Do you know if there is insulation over the can?
 
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Old 09-27-18, 06:10 PM
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No insulation over the can - this is a first floor kitchen with a floor above it. I'm assuming if the bulb is still going out even when it is hanging outside the can that it may not be from direct heat. That's what makes this odd. I'm back to wondering if having an LED bulb is the issue, but I have replaced at least 3 other lights in the kitchen with the LED's without any problems. I'm going to try to pick up a different brand LED as well a new halogen and see if the same behavior happens. Grasping at straws here. If it were the thermal protector I could understand if it only happened inside the can, but outside? And remember outside still trips but at a much later time than when inside the can.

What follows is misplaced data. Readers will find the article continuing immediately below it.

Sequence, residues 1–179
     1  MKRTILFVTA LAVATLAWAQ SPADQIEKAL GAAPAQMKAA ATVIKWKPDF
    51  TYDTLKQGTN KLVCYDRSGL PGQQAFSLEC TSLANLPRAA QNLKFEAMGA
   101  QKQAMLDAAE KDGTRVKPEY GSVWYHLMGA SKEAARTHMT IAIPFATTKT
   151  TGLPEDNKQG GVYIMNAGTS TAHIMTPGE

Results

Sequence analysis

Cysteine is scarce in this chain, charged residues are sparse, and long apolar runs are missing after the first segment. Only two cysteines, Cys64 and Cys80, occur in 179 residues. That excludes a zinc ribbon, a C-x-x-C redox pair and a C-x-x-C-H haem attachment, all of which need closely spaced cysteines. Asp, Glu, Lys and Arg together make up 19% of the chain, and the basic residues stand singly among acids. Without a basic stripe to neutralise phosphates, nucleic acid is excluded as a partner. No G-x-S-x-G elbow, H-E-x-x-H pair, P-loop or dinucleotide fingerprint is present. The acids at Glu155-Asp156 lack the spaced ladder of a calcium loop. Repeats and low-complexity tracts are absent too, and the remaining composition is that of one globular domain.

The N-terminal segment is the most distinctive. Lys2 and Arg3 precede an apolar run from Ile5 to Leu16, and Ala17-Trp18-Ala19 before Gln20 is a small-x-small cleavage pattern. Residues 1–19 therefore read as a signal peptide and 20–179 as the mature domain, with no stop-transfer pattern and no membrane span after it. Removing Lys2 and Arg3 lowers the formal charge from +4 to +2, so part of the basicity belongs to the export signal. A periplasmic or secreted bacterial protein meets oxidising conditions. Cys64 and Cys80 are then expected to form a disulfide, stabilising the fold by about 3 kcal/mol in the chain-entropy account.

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Old 09-29-18, 08:02 AM
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The thermal protector might be tripping out due to the transformer overheating (and thus, failing) and have nothing to do with the LED lamp. That is why I suggested to swap the transformer from another can to see if that solves the issue.
 
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Old 12-08-18, 02:07 PM
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Just to bring this thread full circle, after debating whether to bring in an electrician or not, I finally decided to take an led bulb from another high hat and put it in the one that kept going out, and took the bulb that kept going out in another high hat. The bulb that was tripping the high hat continued to do so in the new location, and the bulb that was working also worked in the high hat where the other bulb was tripping it. Long story short it appears the bulb itself may have been the source of the problem. Even though it was a similar LED, same wattage and labeled dimmable, all the lights are now working so long as I'm not using the GE bulb that started this problem.